Ecological footprint of the richest: United Kingdom country profile
This country profile is part of the research on the inequality of overconsumption which attempts to quantify the full ecological footprint of the richest people in different countries around the world. Read a summary of the working paper published by the Global Sustainability Institute, Anglia Ruskin University (read the full working paper).
As there is no data or research available on the ecological footprint of the richest the focus here is on High Net Worth Individuals in the countries where they are concentrated: the United States, Japan, China, United Kingdom and France.
Identifying the richest people in the United Kingdom
Total population: 64 million in 2015 (Source: CIA World Factbook, July 2015 estimate)
This research uses the number of High Net Worth Individuals to identify the richest people in the United Kingdom. HNWI’s are defined as “having a minimum of US$1 million in investable wealth, excluding primary residence, collectibles, consumables, and consumer durables”. In 2014 there were 550,000 HNWI’s in the United Kingdom (Source: Capgemini and RBC Wealth Management)
Income inequality: Share of income captured by the richest 1% in 2012 was 12.7% (Source: The World Top Incomes Database)
Wealth inequality: Share of wealth captured by the richest 1% in 2012 was 17.4% (Source: OECD Wealth Distribution Database)
Ecological footprint indicators
This research uses the ecological footprint as a reference point to discuss the overconsumption by the richest people. The Global Footprint Network methodology explains that the “ecological footprint of a person is calculated by considering all of the biological materials consumed and all of the carbon dioxide emissions generated by that person in a given year.” This includes a person’s consumption of products from fisheries, cropland, grazing land, forests (wood and capture of carbon dioxide), and also use of urban land (Source: Global Footprint Network).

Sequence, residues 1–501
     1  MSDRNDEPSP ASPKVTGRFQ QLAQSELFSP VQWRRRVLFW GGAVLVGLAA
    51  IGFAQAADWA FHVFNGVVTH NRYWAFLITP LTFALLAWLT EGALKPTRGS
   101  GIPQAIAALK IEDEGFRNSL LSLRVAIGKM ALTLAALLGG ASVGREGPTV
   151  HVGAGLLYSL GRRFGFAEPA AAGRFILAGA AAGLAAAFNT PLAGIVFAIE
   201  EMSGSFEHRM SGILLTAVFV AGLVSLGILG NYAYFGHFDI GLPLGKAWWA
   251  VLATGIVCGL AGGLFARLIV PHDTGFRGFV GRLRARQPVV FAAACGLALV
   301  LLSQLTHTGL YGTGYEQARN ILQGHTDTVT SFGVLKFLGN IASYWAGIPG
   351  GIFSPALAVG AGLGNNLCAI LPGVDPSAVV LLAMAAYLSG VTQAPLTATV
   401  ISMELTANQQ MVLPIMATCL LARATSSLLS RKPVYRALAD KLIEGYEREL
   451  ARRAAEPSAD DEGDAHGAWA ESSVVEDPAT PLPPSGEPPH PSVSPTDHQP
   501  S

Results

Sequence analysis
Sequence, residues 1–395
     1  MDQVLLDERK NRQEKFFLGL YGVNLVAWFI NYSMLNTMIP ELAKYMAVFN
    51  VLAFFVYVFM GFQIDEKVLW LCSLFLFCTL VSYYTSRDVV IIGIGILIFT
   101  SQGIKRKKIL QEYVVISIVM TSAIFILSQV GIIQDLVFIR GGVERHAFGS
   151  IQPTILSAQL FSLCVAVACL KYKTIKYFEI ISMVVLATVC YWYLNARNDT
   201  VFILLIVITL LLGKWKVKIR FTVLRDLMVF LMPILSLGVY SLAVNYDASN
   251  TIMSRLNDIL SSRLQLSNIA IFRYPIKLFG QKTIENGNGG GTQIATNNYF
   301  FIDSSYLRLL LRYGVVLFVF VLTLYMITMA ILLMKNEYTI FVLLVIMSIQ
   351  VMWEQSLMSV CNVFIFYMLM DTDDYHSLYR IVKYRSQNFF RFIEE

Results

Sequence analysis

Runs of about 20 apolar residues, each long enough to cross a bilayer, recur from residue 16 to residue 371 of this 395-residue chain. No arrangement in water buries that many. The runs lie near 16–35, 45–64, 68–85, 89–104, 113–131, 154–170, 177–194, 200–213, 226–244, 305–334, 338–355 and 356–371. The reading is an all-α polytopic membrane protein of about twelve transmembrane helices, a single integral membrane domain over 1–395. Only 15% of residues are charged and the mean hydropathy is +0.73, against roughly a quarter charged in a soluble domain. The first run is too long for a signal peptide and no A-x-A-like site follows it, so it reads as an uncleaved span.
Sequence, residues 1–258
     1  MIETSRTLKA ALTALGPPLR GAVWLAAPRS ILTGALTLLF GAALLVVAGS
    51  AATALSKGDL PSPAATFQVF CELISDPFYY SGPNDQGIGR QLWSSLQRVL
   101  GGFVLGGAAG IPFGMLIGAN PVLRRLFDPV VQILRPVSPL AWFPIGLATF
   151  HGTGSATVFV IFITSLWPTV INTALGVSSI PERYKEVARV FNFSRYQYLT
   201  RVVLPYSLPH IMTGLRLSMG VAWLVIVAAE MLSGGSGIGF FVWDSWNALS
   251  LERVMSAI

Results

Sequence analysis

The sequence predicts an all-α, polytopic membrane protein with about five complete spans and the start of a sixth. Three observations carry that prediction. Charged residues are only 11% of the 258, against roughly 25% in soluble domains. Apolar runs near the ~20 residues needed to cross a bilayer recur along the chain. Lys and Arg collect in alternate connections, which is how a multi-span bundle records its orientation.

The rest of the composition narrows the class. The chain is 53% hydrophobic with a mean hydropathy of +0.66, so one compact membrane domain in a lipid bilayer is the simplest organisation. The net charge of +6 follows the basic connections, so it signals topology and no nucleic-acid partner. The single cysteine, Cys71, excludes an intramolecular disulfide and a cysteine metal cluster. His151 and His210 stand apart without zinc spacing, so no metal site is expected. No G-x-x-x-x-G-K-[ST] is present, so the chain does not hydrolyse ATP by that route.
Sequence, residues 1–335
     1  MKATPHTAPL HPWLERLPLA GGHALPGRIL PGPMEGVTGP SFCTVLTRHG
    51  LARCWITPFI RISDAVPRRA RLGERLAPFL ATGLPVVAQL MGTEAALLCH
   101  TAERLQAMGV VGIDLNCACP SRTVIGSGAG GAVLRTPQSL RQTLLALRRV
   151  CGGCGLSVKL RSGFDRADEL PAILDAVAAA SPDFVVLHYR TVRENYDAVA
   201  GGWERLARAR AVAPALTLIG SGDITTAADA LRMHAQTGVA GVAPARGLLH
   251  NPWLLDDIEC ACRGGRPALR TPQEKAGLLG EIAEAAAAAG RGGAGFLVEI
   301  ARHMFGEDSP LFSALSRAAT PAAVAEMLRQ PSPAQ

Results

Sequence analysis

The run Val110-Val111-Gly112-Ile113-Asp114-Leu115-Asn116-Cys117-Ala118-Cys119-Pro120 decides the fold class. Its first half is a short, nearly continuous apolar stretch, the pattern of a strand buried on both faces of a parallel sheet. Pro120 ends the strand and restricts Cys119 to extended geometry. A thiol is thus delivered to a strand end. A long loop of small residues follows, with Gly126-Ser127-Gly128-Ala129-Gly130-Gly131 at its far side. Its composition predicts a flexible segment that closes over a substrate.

Lack of data on the richest people
There is currently no data available to accurately quantify the different components of the ecological footprint of the richest people in the United Kingdom e.g. their total carbon footprint. The closest information available relates to the richest 10% and is based on household expenditure surveys (see methodology for discussion of strengths and weakness of using this metric).
There is a focus on fuels for private transport and meat as two key indicators as well as looking at total expenditure. Private transport and food have been identified as the main sources of individuals’ environmental impact in developed countries (Peattie and Peattie, 2009). These two indicators represent examples of direct (fuel used in private vehicles) and indirect (meat) greenhouse gas emissions. It is important to cover both types of indicator because there are numerous studies that show the majority of emissions in developed countries are often indirect, for example from food, consumer electronics, clothing and recreation (Capstick et al., 2015; Büchs and Schnepf, 2013; Druckman and Jackson, 2008).
|United Kingdom: Average weekly household expenditure in 2011||Total all deciles||Richest 10%||Poorest 10%|
(21% of total)
(3% of total)
Fuel for private transport
(Petrol, diesel and other motor oils)
(20% of total)
(2% of total)
(Beef, Pork, Lamb, Poultry (fresh, chilled or frozen), Bacon and ham, Other meat and meat preparations).
(15% of total)
(6% of total)
Source: Household expenditure surveys, 2011, Office for National Statistics (Dec 2014)
The ONS report on Equivalised Income published in December 2013 states: “Higher income households allocated more of their total expenditure to vehicle purchases and running and maintaining vehicles, which reflects the higher levels of car ownership and number of car journeys made by top income households.”
There are a number of studies which find that the richest income group in the UK have larger carbon footprints (University of Southampton, 2012; Büchs and Schnepf, 2013; Gough et al,. 2011). Druckman and Jackson found “when we look at the relationship between affluence and CO2, we find that, at either end of the income scale, CO2 increases with increasing disposable income levels” and that “the segment with the highest carbon footprint emits 64% more CO2 than the segment with the lowest” (Druckman and Jackson, 2009). This trend deepened significantly between 1968 and 2000 because of the “rising demand by high income quintiles for goods and services such as: “fuel and light” (heating and lighting the home), “car use” (private transportation), “recreation”, “travel” and “other services” (Druckman and Jackson, 2008).
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